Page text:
Ben: How did you get started?
Steve: I began the book by discussing Dad’s life prior to the airborne; working in the coal mines, dropping out of high school prior to joining the military, and signing up for parachute training and his subsequent experiences. What started as an invitation to do a 20-minute dissertation turned into this amazing book? There was more behind driving this than meets the eye. Too many things took place that went down the road that was meant to be. I had no idea of the way you go about writing a book, I started with what I knew the beginning and the end. Then It was years of the in-between. It was interesting to see how the stories began to fill the timeline. As the weekly / daily interviews with the men, my father served with. They became incredibly accurate reliving their youth.
Ben: The book is filled with information from primary sources – interviews with former troopers, photographs, and documents. How did you go about getting them?
Steve: I contacted troopers by tracing them through their serial numbers to find the town where they entered service, like Mike Klaus for example. Once I had towns, I used the internet to find phone numbers and the conversation blossomed from there. I was on the phone with them every week, raising stories that father had mentioned but did not know time and place, like whether some event occurred at Bragg or at Benning. As discussions progressed the faded memories started to come into focus. My wife encouraged me to let the troopers talk as long as they wished. When the cell phone era began we were able to have conference calls and my dad’s buddies began to interact and conversations would start with comments like “I thought you were dead!” “I never saw you again after Sicily!” The conversations led to more questions. Answering questions led to more detailed questions in order to sharpen the details of their stories. More and more memories began to resurface. I am very fortunate to have captured these stories when I did. To sit there across the tables and listen to personal stories of what took place in the actual airplanes en route to the DZ. Some of these guys were only 17 years old! Stuff like this could never be reiterated today. They’re gone now.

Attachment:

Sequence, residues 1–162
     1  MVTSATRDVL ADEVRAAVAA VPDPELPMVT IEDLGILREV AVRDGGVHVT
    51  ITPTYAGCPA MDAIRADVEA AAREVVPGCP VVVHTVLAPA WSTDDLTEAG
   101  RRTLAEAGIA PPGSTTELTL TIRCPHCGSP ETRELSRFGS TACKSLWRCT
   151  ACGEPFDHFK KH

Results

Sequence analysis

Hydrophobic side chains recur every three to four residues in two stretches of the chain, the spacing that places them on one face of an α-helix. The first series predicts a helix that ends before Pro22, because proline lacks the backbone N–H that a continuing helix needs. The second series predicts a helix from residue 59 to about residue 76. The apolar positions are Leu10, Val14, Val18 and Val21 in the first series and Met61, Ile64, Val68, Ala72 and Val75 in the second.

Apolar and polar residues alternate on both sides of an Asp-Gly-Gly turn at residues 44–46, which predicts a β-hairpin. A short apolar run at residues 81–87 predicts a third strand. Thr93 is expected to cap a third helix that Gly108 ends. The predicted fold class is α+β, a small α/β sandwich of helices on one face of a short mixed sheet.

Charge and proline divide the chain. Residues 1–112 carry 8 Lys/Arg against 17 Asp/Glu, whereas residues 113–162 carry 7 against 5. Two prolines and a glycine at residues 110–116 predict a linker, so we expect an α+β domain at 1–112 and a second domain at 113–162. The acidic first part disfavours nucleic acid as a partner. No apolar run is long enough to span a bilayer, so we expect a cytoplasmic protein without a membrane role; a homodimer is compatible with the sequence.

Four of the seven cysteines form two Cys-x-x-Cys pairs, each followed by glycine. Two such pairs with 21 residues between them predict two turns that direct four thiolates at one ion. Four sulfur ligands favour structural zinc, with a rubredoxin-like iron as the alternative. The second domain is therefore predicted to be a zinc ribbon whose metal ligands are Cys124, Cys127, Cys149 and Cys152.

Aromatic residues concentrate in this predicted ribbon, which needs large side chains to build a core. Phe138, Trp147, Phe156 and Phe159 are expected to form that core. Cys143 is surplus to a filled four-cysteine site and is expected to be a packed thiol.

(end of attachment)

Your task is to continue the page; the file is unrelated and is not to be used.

Ben: How often were you writing?